In opposition to the EGFR mutations, KRAS mutations are more frequent in Caucasians with a frequency of 25 to 50% [7,8] and are more frequently observed in smokers [2,9,10].

Mutations of kras gene and histologic subtype

KRAS mutations are more frequently described in adenocarcinomas (30%) and are less frequent in squamous cell carcinomas (approximately 5%) [11].

Prognostic impact of kras mutations

The prognostic impact of KRAS mutations remains debated and nonconsensual. Graziano et al. or Keohavong et al. and Lu et al. reported no prognostic correlation with KRAS mutations [12- 14]. These authors studies the survival of the patients presented localized lung cancers (stage I or II). Slebos and coworkers reported a 69-patient-study and concluded that the mutations of the codon 12 were predictive of a poor prognosis [15]. In a Japanese study, the authors reported that patients with KRAS wild-type tumors had a better prognosis than those with KRAS mutations [16,17]. In a prospective study about 365 patients with localized lung cancers, the authors demonstrated that KRAS mutations were observed only in smokers and had prognostic implications in patients with adenocarcinomas [18]. In 2005, a review of the literature with metaanalysis of 28 series including 3620 patients, demonstrated that the presence of KRAS mutations was correlated to a poor prognosis in patients with adenocarcinomas [19].

Kras mutations and response to egfr inhibitors

The activation of EGFR pathway induces a cascade phosphorylation of the viral oncogene RAS (rat sarcoma viral oncogene), RAF (v-raf murine leukemia viral oncogene homolog), MEK (murine thymoma viral oncogene homolog), ERK (extra cellular-signal-regulated kinase), PI3K/AKT (phosphatidylinositol 3-kinase). These interactions induce cell proliferation, neoangiogenesis and metastatic potential of tumor cells [20]. The inhibition of the EGFR kinase activity induces a response in 75% of the patients with EGFR mutations and in 10% of the patients with EGFR wild type tumors [21]. In opposition to colorectal cancer, the impact of the KRAS mutations of the response to EGFR inhibitors isn’t consensual. In a meta-analysis about 1335 patients treated with gefitinib or erlotinib, the mutations of KRAS were correlated to a poor response to the EGFR inhibitors [8]. The KRAS mutations were detected in 16% of the patients mainly with adenocarcinoma. Patients with KRAS mutations presented less sensitivity to EGFR inhibitors with a relative risk of 3% versus 26%.

Perspectives of targeting kras

In spite of the multiplicity of therapeutic essays using anti-KRAS drugs, results remain disappointing. The best management of the patients with KRAS mutations seems related to the association of KRAS inhibitors to other specific therapeutic agents. These pathways may represent therapeutic targets in association to KRAS targets.

- PI3K and MEK pathways

These pathways represent promising therapeutic targets in patients with PI3K mutations combined to an inhibition of MEK. Engelman et al. treated mouses with non small cell lung carcinoma with KRAS mutations with inhibitors of PI3K and MEK. This association induced a decrease of the tumor volume [22]. Janne et al. reported a study about patients with advanced KRAS mutated non small cell lung carcinoma treated with MEK inhibitors. They reported a good clinical response [23].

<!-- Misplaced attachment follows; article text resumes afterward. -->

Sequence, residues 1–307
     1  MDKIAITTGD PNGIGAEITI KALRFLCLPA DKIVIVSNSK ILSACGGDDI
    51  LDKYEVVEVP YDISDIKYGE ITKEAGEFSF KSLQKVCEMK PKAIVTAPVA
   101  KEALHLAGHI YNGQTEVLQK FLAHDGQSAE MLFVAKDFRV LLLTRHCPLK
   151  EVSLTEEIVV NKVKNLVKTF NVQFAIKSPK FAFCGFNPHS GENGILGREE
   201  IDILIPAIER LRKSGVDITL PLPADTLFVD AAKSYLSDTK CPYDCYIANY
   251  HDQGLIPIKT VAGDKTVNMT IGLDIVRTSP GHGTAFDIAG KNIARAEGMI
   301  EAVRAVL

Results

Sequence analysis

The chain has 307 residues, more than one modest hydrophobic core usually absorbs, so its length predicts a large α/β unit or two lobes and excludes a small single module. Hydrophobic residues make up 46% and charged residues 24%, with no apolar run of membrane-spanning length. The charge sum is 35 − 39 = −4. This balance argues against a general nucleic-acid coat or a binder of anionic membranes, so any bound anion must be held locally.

- Serine threonine kinase 11 (STK11) pathway

LKB1/ serine threonine kinase 11 is inactivated in 30% of the non small cell lung carcinomas. Loss of homozygote of this gene associated to KRAS mutations seems to be correlated to aggressiveness [24,25].

- NF1 pathway

The loss of NF1 induces RAS hyperactivity in non small cell lung carcinomas. Inhibiting mutation of NF1 is exclusively associated to KRAS mutations and activation in 40% of the cases.

- WT1 pathway

The gene of the Wilms tumor seems to play a regulating role on KRAS. Vincent et al. identified a new role of WT gene. The loss of the WT1 oncogene seems to be associated to a death process in KRAS expressing cells [26]. These results may encourage targeting WT1.

- Other signaling pathways have also been reported as potential therapeutic targets including NK-KB, activators of Zeste Homolog 2, GATA-binding factor 2, RNA-binding Motif 5, Il8, Twist-related protein 1[27].


KRAS pathway plays an important role in the carcinogenesis of non small cell lung carcinomas. In case of mutation, this pathway which is normally activated by EGFR becomes autonomous and acts with other pathways mainly PI3K and MEK. The improvement of the knowledge about the KRAS mutations induced the discovery of mutations predictive of poor response to EGFR inhibitors. Besides, many authors reported the necessity of inhibiting many targets in non-responders patients to EGFR. This fact highlights the future role of targeting the KRAS pathway.


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Citation: Mlika M, Braham E and Mezni FE. The Mutations of KRAS Gene in Lung Cancer: Real Targets or Epiphenomenon?. Austin J Cancer Clin Res 2015;2(3): 1033. ISSN 2381-909X